Manganese nodules have been found on the floor of the oceans. These nodules contain about 24% manganese, along with smaller amounts of many other elements.
 
Glossary

Atomic radius, non-bonded
Half of the distance between two unbonded atoms of the same element when the electrostatic forces are balanced. These values were determined using several different methods.


Covalent radius
Half of the distance between two atoms within a single covalent bond. Values are given for typical oxidation number and coordination.


Electron affinity
The energy released when an electron is added to the neutral atom and a negative ion is formed.


Electronegativity (Pauling scale)
The tendency of an atom to attract electrons towards itself, expressed on a relative scale.


First ionisation energy
The minimum energy required to remove an electron from a neutral atom in its ground state.

Atomic data

 
Atomic radius, non-bonded (Å) 2.05 Covalent radius (Å) 1.29
Electron affinity (kJ mol−1) Not stable Electronegativity
(Pauling scale)
1.55
Ionisation energies
(kJ mol−1)
 
1st
717.274
2nd
1509.03
3rd
3248.468
4th
4940
5th
6985.5
6th
9224
7th
11501.342
8th
18766.4
 

Glossary

Data for this section been provided by the British Geological Survey.


Relative supply risk

An integrated supply risk index from 1 (very low risk) to 10 (very high risk). This is calculated by combining the scores for crustal abundance, reserve distribution, production concentration, substitutability, recycling rate and political stability scores.


Crustal abundance (ppm)

The number of atoms of the element per 1 million atoms of the Earth’s crust.


Recycling rate

The percentage of a commodity which is recycled. A higher recycling rate may reduce risk to supply.


Substitutability

The availability of suitable substitutes for a given commodity.
High = substitution not possible or very difficult.
Medium = substitution is possible but there may be an economic and/or performance impact
Low = substitution is possible with little or no economic and/or performance impact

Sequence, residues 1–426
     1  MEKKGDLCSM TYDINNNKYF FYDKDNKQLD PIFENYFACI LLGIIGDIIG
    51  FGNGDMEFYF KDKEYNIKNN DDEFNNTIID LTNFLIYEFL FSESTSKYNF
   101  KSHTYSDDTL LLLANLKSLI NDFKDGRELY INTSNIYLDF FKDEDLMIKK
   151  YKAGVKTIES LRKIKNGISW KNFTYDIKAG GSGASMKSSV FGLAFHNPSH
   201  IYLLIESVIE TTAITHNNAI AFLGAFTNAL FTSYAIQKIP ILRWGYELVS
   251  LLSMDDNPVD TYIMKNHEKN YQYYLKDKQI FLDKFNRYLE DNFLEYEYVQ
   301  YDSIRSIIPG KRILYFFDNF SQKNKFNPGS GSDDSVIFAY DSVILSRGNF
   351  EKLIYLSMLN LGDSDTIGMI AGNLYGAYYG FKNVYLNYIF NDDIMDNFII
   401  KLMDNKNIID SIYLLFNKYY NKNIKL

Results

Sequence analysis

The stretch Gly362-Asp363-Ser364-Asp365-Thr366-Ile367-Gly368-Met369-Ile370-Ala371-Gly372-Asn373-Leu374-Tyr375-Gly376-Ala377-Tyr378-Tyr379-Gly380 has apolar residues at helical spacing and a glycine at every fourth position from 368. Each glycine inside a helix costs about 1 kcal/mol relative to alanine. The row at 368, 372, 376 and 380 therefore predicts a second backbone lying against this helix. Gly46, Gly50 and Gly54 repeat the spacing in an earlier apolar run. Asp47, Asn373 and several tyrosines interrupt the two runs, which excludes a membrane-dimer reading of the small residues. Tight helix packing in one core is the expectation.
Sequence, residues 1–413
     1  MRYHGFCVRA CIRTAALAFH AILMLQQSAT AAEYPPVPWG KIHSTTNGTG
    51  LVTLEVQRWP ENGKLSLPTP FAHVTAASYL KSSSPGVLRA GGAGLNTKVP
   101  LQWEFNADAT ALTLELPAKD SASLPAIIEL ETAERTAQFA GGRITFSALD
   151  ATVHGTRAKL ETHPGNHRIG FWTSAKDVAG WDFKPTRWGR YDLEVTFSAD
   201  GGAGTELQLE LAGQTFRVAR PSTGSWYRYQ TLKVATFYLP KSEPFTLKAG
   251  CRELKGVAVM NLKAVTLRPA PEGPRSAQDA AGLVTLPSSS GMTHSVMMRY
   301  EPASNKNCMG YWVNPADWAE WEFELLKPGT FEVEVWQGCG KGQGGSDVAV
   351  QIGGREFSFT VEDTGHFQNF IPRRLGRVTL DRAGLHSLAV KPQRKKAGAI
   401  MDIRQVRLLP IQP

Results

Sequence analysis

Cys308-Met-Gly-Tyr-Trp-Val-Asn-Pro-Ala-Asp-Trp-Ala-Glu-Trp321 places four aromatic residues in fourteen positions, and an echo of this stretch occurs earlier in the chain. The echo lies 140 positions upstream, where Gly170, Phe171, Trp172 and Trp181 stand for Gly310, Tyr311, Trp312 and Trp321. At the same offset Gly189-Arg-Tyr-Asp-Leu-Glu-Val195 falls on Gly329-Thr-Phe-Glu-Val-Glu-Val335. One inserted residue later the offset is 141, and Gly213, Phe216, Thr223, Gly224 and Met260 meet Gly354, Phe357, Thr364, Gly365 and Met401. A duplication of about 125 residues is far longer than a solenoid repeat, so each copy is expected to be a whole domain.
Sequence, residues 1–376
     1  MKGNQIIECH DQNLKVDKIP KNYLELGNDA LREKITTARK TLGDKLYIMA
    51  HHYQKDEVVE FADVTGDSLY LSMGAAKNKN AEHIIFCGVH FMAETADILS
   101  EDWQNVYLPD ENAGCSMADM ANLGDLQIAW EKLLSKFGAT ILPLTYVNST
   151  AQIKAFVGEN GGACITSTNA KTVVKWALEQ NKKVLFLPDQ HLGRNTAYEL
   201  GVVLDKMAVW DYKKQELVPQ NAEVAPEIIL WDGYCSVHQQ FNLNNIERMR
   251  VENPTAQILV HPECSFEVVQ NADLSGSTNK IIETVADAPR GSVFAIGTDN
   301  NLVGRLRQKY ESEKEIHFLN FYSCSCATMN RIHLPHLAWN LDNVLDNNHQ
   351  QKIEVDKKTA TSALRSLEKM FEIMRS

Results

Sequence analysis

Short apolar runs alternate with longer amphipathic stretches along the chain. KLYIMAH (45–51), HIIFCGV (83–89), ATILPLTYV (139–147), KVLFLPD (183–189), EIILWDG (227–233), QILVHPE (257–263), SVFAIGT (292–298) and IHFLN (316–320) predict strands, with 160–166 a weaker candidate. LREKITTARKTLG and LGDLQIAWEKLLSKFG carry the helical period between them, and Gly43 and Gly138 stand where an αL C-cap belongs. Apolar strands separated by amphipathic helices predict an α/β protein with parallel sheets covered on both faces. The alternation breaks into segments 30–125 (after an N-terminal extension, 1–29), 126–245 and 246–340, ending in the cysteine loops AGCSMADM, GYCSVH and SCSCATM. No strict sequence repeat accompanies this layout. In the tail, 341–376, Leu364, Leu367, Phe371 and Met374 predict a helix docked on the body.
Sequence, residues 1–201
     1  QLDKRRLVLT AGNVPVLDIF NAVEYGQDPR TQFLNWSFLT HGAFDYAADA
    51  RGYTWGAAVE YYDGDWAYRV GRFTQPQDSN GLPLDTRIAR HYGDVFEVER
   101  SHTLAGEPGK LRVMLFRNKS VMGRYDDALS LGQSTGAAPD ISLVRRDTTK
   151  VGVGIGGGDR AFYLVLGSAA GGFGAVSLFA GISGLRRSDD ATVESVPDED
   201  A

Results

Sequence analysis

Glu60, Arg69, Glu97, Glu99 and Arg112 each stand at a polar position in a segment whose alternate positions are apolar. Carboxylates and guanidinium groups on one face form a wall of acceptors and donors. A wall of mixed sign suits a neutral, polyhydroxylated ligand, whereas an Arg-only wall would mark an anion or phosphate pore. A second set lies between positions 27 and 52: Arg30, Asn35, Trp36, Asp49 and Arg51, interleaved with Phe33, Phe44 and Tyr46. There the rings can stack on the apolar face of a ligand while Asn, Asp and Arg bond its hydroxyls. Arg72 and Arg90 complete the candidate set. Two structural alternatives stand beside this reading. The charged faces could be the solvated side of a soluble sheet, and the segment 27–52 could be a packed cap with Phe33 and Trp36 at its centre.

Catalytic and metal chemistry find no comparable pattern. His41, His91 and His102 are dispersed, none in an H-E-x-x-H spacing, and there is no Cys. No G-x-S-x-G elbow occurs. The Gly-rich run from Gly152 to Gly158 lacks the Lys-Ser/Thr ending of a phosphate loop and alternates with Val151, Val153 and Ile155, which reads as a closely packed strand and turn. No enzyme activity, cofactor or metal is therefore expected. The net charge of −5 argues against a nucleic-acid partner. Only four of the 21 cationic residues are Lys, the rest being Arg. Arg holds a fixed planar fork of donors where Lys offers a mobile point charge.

Production concentration

The percentage of an element produced in the top producing country. The higher the value, the larger risk there is to supply.


Reserve distribution

The percentage of the world reserves located in the country with the largest reserves. The higher the value, the larger risk there is to supply.


Political stability of top producer

A percentile rank for the political stability of the top producing country, derived from World Bank governance indicators.


Political stability of top reserve holder

A percentile rank for the political stability of the country with the largest reserves, derived from World Bank governance indicators.


Supply risk

 
Relative supply risk 5.7
Crustal abundance (ppm) 774
Recycling rate (%) >30
Substitutability High
Production concentration (%) 33
Reserve distribution (%) 24
Top 3 producers
  • 1) China
  • 2) South Africa
  • 3) Australia
Top 3 reserve holders
  • 1) South Africa
  • 2) Ukraine
  • 3) Brazil
Political stability of top producer 24.1
Political stability of top reserve holder 44.3
 

Glossary


Common oxidation states

The oxidation state of an atom is a measure of the degree of oxidation of an atom. It is defined as being the charge that an atom would have if all bonds were ionic. Uncombined elements have an oxidation state of 0. The sum of the oxidation states within a compound or ion must equal the overall charge.


Isotopes

Atoms of the same element with different numbers of neutrons.


Key for isotopes


Half life
  y years
  d days
  h hours
  m minutes
  s seconds
Mode of decay
  α alpha particle emission
  β negative beta (electron) emission
  β+ positron emission
  EC orbital electron capture
  sf spontaneous fission
  ββ double beta emission
  ECEC double orbital electron capture

Oxidation states and isotopes

 
Common oxidation states 7, 6, 4, 3, 2, 0, -1
Isotopes Isotope Atomic mass Natural abundance (%) Half life Mode of decay
  55Mn 54.938 100
 

Glossary


Specific heat capacity (J kg−1 K−1)

Specific heat capacity is the amount of energy needed to change the temperature of a kilogram of a substance by 1 K.


Young's modulus

A measure of the stiffness of a substance. It provides a measure of how difficult it is to extend a material, with a value given by the ratio of tensile strength to tensile strain.


Shear modulus

A measure of how difficult it is to deform a material. It is given by the ratio of the shear stress to the shear strain.


Bulk modulus

A measure of how difficult it is to compress a substance. It is given by the ratio of the pressure on a body to the fractional decrease in volume.


Vapour pressure

A measure of the propensity of a substance to evaporate. It is defined as the equilibrium pressure exerted by the gas produced above a substance in a closed system.

Pressure and temperature data – advanced